Clinical autonomy, individual and collective: the problem of changing doctors' behaviour

Soc Sci Med. 2002 Nov;55(10):1771-7. doi: 10.1016/s0277-9536(01)00309-4.


Evidence-based medicine enables the profession to resist at least some of the challenges to its traditional autonomy: if informed doctors provide what is scientifically proven to be the best care there is less justification for external constraints. Yet, this defensive strategy depends on enforcing a new discipline within the profession such that individual practitioners accept mechanisms of external 'decision support' in their clinical practice. A study of the ways in which general practitioners in British Primary Care change their clinical behaviour shows that an emphasis on a 'patient centred' approach establishes an alternative individualised autonomy that seems inimical to the logic of evidence-based medicine. A tension therefore emerges between the maintenance of the autonomy of the profession as a collectivity through the promotion of a therapeutic rationality and the maintenance of the autonomy of the individual practitioner through the rhetoric of patient-centredness.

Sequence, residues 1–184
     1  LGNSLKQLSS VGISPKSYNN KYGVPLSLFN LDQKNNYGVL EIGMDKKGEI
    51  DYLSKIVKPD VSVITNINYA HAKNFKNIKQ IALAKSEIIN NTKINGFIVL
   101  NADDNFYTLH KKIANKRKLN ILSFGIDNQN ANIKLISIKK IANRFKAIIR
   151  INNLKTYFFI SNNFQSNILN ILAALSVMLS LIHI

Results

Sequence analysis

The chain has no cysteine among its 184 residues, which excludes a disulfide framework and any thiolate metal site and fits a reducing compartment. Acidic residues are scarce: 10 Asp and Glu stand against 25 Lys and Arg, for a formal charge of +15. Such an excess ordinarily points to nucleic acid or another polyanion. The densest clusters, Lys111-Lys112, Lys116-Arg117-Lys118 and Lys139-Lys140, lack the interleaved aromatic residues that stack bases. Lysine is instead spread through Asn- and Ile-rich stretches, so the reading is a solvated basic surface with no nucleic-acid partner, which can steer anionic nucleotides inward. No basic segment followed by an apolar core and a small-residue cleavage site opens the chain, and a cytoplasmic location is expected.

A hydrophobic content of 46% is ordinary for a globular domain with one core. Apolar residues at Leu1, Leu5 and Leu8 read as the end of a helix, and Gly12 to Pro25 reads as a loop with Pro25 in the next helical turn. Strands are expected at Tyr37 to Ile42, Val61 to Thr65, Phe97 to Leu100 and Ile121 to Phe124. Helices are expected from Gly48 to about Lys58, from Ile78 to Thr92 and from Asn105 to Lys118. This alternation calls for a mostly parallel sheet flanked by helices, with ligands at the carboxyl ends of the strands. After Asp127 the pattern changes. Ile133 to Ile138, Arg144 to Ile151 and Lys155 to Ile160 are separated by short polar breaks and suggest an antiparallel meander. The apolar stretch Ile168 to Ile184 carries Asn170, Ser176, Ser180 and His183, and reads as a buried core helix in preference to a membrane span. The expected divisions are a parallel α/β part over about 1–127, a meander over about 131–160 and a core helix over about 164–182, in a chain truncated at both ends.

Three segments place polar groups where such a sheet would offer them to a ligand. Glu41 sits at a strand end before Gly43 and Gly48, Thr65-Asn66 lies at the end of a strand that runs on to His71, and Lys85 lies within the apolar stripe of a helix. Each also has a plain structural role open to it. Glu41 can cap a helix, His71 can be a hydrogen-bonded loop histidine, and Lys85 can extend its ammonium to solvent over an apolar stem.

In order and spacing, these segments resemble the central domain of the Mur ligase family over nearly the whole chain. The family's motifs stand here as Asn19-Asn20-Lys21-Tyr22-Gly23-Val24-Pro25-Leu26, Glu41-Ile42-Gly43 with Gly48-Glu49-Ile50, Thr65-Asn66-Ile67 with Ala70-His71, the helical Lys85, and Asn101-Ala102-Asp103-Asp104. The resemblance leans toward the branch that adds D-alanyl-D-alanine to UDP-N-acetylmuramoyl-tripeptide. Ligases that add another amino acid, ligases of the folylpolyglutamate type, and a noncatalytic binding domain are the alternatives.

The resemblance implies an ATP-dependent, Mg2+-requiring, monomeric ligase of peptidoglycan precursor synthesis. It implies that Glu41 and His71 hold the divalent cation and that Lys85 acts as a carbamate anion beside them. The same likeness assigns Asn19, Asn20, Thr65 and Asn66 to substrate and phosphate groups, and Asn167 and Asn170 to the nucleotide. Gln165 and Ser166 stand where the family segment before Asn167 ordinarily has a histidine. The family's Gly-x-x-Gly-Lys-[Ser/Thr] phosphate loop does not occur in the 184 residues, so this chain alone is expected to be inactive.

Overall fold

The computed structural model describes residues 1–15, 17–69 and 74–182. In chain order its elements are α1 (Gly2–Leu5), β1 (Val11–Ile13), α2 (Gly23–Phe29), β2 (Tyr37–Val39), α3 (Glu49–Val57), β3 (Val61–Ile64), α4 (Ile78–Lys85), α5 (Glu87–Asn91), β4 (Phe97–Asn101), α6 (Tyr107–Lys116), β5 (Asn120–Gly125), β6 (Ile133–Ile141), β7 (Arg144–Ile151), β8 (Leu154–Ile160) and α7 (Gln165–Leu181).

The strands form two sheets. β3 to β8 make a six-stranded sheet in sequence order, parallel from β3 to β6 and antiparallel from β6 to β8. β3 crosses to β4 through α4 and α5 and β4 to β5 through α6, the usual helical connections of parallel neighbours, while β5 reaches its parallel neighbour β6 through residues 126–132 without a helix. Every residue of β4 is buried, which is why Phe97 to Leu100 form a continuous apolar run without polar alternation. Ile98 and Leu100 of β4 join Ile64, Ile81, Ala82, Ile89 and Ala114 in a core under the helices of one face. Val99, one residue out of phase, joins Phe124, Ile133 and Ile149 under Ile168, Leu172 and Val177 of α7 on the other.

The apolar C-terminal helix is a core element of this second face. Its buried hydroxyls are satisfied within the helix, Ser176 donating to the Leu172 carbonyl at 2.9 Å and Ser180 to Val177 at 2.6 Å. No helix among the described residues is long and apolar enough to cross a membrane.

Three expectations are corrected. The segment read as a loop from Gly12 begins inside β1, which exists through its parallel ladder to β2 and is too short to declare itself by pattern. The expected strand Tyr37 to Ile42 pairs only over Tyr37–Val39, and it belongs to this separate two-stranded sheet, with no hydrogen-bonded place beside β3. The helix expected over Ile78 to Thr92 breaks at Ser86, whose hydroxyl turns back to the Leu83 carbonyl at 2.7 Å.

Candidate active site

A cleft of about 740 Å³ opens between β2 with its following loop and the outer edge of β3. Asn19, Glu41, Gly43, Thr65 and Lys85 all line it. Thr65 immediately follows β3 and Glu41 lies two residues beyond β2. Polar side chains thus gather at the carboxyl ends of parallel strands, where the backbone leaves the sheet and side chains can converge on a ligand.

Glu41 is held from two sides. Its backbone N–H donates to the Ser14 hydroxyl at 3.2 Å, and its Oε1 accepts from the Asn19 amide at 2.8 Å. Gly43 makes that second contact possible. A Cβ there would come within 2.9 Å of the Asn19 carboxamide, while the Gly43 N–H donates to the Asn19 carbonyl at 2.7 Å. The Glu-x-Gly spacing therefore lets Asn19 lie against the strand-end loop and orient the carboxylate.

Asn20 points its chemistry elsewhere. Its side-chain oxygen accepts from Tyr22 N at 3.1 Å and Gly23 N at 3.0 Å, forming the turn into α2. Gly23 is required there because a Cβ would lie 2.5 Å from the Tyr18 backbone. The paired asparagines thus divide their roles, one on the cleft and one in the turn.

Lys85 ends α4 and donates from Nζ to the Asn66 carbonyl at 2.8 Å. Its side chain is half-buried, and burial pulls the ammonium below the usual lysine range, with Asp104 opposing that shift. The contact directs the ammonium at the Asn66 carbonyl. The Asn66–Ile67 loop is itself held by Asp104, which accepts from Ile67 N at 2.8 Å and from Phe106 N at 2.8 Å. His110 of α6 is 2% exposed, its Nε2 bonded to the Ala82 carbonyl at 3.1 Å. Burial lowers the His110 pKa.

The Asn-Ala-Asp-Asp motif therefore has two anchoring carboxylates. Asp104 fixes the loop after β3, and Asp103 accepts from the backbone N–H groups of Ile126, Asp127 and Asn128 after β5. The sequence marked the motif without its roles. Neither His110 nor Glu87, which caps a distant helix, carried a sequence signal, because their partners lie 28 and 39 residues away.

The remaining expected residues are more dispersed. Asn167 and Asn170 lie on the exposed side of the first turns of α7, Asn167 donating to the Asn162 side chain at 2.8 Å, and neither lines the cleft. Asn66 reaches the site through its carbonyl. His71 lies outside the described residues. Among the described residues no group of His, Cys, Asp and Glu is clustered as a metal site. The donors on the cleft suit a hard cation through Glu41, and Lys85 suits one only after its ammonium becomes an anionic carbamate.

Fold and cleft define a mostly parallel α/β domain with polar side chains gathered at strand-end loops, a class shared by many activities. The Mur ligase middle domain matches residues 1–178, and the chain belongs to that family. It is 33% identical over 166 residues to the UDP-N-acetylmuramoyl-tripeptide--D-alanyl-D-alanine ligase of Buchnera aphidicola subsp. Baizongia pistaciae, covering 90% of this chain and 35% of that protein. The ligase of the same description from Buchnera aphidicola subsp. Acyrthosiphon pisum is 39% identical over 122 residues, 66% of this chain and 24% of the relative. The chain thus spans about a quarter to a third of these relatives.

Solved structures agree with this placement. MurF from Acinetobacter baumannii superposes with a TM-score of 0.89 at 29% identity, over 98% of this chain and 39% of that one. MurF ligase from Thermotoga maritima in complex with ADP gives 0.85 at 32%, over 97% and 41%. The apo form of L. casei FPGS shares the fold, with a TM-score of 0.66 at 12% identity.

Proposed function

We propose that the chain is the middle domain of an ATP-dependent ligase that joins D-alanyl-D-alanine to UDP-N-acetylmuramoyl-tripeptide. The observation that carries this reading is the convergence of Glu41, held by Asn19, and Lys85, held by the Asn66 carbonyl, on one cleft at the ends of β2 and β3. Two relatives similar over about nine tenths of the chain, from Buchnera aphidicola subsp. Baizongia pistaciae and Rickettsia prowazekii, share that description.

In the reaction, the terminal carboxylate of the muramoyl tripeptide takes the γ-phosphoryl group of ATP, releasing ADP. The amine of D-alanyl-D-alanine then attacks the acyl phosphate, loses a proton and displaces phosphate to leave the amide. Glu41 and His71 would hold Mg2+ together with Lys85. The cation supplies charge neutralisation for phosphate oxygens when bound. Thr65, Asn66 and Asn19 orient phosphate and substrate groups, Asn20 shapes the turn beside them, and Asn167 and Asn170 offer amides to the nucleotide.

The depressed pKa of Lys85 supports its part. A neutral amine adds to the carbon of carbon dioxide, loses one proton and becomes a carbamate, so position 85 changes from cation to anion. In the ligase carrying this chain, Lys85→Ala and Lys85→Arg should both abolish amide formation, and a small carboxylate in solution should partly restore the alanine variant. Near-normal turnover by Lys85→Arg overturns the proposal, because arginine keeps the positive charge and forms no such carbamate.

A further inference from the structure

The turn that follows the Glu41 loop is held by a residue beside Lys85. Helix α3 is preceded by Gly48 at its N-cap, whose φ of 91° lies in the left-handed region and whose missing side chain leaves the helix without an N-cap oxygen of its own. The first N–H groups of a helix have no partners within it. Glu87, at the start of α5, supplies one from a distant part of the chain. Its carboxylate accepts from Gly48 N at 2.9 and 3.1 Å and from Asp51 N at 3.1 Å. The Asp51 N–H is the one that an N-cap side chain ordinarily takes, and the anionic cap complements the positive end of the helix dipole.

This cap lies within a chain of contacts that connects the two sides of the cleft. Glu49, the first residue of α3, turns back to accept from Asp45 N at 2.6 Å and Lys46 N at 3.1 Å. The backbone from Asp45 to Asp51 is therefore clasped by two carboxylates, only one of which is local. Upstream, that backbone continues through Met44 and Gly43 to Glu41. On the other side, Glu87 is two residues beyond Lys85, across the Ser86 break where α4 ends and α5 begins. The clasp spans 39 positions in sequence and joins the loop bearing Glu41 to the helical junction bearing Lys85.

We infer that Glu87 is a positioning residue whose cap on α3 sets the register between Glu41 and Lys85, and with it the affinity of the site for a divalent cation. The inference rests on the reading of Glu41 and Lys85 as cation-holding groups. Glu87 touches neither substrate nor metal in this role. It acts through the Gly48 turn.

Publication types

  • Research Support, Non-U.S. Gov't

MeSH terms

  • Attitude of Health Personnel*
  • Decision Support Systems, Clinical*
  • England
  • Evidence-Based Medicine*
  • Humans
  • Interviews as Topic
  • Patient-Centered Care
  • Physician-Patient Relations
  • Physicians, Family / psychology*
  • Primary Health Care / standards
  • Professional Autonomy*